Our theme for the month of March is “cities.”

My best friend in middle school used to call herself “Klim.” It’s “milk” backwards, and the reasons became slightly more obvious once you watched her one-shot a pint of the stuff from one of those neon plastic glasses that seem to spontaneously germinate in Midwest cabinets. She lived about a mile from Speedway 5500, on the corner of James and Butternut. We’d ride our bikes there every time I slept over and trade pocket money (mine from my allowance, hers her paper route) for single Little Debbie cakes andthis is the important partforty-four ounce styrofoam jugs of frozen chemical slurry.

Klim mixed and matched flavors depending on her moods, which played merrily across the full gamut of pre-pubescent hedonism. I, proving repeatedly to be the lame member of the duo, always got the same thing: a plain Coke slushie, unless the machine was broken, which it often was, in which case we walked to Speedway 3559, an embarrassing sort of redundancy located only two blocks further down Butternut.

On one such occasion, the sagging woman behind the counter (who either cared too much for our financial wellbeing or too little for our health) talked us into joining their rewards program, and so I was the proud owner of a Speedy Rewards keychain tag four years before being allowed to touch a set of car keys.

There was not a Speedway within a mile of my parents’ house, and this is one of the reasons why I always stayed over at Klim’s place instead of the other way around. Also, I liked her dog and I was embarrassed that my house was so much bigger than hers.

By 2014, I was an upperclassmen at the local Christian high school and reasonably sure the fact that I sang along to all of “Little Lion Man,” including the lyric about how “I really fucked it up this time,” made me pretty cool. My friendship with Klim had faded naturally and unremarkably in that void between middle and high school. When we saw each other now, it was in the scene shop next to the auditorium, where she and her team painted the sets that I and the rest of the set crew screwed together after school.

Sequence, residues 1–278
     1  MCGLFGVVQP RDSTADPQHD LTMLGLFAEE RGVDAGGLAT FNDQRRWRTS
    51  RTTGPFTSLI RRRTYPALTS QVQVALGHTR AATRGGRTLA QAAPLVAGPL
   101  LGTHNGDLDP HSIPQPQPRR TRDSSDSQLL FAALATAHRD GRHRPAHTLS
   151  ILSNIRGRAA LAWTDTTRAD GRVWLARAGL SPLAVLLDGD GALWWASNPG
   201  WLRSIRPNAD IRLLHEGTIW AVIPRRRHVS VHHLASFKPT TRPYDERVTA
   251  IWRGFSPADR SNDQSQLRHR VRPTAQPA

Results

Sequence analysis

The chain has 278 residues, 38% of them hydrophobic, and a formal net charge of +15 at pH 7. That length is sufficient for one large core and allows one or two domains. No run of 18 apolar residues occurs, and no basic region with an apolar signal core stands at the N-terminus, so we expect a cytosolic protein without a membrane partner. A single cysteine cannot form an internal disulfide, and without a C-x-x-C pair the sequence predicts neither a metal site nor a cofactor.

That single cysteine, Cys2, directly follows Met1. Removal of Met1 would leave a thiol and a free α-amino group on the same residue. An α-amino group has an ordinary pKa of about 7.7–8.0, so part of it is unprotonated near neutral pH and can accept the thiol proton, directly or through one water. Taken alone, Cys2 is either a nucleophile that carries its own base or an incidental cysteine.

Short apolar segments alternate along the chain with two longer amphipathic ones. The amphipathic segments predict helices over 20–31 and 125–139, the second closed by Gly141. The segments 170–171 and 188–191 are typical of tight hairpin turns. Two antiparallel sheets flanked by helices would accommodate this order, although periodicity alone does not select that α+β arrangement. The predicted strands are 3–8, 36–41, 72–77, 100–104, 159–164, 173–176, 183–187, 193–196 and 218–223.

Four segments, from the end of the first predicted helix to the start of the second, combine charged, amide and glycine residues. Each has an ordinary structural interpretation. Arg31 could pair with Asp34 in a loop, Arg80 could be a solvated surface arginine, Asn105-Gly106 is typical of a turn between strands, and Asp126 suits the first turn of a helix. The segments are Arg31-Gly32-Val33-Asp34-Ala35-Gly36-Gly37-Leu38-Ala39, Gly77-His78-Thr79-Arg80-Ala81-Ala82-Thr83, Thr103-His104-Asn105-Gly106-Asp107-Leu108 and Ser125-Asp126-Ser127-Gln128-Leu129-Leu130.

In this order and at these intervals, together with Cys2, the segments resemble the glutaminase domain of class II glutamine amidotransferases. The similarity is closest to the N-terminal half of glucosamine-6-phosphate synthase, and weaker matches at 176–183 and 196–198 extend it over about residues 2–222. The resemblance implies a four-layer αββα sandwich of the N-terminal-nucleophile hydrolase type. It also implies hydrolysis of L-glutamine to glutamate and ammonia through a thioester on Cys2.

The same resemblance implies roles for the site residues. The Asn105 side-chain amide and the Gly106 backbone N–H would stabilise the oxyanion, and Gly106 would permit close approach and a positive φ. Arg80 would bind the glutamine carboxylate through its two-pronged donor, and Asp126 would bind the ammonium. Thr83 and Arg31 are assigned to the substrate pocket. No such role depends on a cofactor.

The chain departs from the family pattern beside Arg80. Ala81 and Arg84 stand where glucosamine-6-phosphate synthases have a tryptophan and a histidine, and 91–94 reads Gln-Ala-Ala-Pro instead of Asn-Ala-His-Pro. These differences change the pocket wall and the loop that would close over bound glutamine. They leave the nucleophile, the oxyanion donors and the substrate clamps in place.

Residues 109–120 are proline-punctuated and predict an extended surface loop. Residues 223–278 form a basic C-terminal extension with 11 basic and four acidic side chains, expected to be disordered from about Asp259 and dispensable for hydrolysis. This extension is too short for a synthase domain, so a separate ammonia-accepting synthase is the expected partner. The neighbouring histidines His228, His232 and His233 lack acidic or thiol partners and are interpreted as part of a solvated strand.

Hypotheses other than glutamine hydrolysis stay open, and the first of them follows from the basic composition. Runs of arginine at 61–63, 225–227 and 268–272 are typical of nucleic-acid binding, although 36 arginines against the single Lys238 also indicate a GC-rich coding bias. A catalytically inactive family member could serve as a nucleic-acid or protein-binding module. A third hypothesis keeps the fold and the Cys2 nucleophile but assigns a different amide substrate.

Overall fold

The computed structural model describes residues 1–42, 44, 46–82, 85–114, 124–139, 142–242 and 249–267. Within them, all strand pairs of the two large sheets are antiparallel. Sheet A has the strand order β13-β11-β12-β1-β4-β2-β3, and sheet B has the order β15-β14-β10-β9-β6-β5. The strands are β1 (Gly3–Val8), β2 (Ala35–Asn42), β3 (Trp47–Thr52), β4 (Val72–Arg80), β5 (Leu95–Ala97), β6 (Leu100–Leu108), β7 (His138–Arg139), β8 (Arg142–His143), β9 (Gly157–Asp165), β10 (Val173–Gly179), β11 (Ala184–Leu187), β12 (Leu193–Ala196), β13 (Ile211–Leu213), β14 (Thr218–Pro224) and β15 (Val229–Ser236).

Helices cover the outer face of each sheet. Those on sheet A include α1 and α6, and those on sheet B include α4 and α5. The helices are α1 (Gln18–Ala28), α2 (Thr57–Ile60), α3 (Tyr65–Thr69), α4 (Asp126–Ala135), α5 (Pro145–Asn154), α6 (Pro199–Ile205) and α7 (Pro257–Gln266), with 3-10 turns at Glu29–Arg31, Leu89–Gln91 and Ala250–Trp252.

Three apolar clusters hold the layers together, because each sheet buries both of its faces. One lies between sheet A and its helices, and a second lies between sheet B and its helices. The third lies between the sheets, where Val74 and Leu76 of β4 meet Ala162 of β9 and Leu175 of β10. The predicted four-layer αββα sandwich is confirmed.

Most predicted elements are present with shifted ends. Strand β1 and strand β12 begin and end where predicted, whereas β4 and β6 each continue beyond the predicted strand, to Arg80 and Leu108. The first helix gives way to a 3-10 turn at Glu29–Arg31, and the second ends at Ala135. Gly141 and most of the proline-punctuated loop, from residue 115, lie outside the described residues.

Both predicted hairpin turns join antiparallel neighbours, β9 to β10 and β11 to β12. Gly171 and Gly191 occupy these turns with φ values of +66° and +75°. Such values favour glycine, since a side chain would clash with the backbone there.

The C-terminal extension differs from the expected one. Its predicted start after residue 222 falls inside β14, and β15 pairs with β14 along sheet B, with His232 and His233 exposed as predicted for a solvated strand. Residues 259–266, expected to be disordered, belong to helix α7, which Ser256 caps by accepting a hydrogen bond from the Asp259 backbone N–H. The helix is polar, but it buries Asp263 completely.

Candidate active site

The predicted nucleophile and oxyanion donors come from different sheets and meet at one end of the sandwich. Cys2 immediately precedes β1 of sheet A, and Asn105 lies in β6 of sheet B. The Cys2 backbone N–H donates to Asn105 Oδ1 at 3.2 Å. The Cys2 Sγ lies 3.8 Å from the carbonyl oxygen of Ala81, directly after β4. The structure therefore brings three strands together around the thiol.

By this point, I had a set of keys to go with my rewards keychain and the set crew had, in a remarkable display of teenage efficiency, decided it was best if I went on our weekly slushie run by myself. So I didmemorizing a dozen people’s slushie orders and unselfconsciously loading up three drink carriers with whatever cups are called once they hit the thirty-two ounce mark. It took two trips to get them out to my car and two more to bring them into the school building. Introducing slushies to the two Chinese exchange students who were on set was either the best or worst thing I’ve ever done for Sino-American diplomatic relations.

I moved to Calvin that fall and choose my route back to my hometown based partially on the fact that it passed Speedway 8887, which at the time had the best slushies of any Speedway before or since (by which I mean that the machine was calibrated incorrectly and could be depended on to always dispense frozen drinks that were thicker than any other location). I stopped at Speedway 2285 on the way home from my job at the museum. When I spent the summer between my sophomore and junior years working nights at a furniture factory, my coworkers and I would poke holes in cleaning clothes and drape them over the clear dome lids to stop rubber shavings and sawdust from drifting into the slushies we’d bought at Speedway 1810 during the last fifteen minutes of our lunch breaks. The first time I went into a non-grocery store in the middle months of COVID-19 was to get a slushie from store 8707.

I’ve never lived in a city with fewer than five Speedways, depending on how you count. I’m sure there’s some comment there about commercialization and local brand dominance and corporate mergers, maybe even something about how weird it is that Speedway thinks I want to watch an inane YouTube video on a gas station pump or the absolute Americanness of the fact that my most effective comfort food is 240 calories worth of high fructose corn syrup that can only be found in the stickiest section of the world’s stickiest retail environment.

Practically speaking, those hundreds of slushies have translated into 24,548 Speedy Rewards points. That’s enough to get a $20 gift card to the Nintendo eStore or 19.6 bags of “tube nuts,” which, being both charitable and honest, seems about right for fifteen years of loyalty.


Photo courtesy Wikimedia Commons user Daniel Case (CC BY-SA 3.0 PL)

1 Comment

  1. Laura Sheppard Song

    You are such a master at this rich and thoughtful humor writing. I love this piece 🙂


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